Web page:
HD Hits the Streets

High-definition studio cameras have been selling well for years, as stations began buying them as a way to future-proof their operations in advance of launching HD newscasts. But cameras for field production for news and other reality programming have lagged behind. Not only were they costly, but there were technical issues with transmitting HD content from the site of a news story and editing it back at the station.

That's changing. Now major station groups and networks looking to replace their first-generation standard-definition digital camcorders have been scooping up HD camcorders from Panasonic, Sony and JVC. Most are still using the cameras to shoot in widescreen standard-definition mode now while taking advantage of the new tapeless workflows the cameras can support.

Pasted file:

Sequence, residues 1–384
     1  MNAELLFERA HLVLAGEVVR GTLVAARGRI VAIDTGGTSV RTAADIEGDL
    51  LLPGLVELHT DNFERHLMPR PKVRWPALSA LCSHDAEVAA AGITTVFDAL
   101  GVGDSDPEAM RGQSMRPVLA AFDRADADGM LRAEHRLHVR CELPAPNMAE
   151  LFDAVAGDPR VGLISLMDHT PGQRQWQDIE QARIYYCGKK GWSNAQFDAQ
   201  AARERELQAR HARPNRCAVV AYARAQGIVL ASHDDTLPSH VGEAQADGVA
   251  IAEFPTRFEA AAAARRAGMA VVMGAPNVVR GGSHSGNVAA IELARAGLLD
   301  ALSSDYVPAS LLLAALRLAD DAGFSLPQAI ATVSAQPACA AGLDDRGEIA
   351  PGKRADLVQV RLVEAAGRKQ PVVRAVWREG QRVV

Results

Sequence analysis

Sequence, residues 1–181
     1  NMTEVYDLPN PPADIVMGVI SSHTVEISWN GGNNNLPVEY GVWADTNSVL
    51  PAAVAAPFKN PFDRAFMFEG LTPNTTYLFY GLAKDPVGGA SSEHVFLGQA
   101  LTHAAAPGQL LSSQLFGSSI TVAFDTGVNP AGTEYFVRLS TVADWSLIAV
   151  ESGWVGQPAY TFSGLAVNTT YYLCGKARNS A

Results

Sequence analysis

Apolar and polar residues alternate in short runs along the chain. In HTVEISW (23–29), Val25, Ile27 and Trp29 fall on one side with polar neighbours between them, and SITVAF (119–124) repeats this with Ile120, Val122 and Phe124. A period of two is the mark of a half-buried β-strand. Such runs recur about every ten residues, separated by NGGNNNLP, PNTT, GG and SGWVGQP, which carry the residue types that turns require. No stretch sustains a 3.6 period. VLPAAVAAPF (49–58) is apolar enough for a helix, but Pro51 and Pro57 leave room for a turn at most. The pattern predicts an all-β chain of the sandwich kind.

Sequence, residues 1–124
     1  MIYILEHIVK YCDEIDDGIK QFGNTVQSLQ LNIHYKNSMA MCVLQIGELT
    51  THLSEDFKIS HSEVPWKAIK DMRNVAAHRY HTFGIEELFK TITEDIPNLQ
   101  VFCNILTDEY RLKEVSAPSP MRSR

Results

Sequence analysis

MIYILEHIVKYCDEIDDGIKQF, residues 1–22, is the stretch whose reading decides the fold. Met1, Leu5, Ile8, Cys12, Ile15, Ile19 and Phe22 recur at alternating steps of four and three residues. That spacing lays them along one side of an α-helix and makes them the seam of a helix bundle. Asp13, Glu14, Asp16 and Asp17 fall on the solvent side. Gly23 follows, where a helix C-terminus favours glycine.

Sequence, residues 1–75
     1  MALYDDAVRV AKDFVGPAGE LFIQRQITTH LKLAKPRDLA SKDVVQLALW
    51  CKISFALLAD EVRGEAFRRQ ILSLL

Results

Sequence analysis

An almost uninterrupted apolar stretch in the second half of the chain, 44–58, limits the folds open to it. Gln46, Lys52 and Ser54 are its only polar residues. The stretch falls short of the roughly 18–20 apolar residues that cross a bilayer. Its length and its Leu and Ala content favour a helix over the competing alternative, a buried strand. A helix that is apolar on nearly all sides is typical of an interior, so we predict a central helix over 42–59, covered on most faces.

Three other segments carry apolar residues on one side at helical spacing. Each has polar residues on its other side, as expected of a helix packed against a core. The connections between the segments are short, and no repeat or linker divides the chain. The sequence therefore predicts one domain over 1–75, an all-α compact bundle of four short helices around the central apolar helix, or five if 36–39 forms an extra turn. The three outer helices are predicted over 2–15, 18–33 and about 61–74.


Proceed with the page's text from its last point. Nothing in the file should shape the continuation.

But a few stations, like WRAL Raleigh, N.C., and KLAS Las Vegas, are already doing true hi-def newsgathering with digital HD microwave links.

Reality shows are also moving to HD. At the NAB Show last month, Sony announced that CBS's Survivor will use Sony's XDCAM HD optical-disc cameras to shoot the upcoming 17th installment of the series, with production scheduled to begin this summer for airing this fall. The XDCAM HD camcorders and decks are a direct replacement for Sony Digital Betacam gear that has been used since the show's launch. Sony says the reality show Cops will also use XDCAM HD to shoot all 36 episodes of the shows' 21st season, which premieres this fall.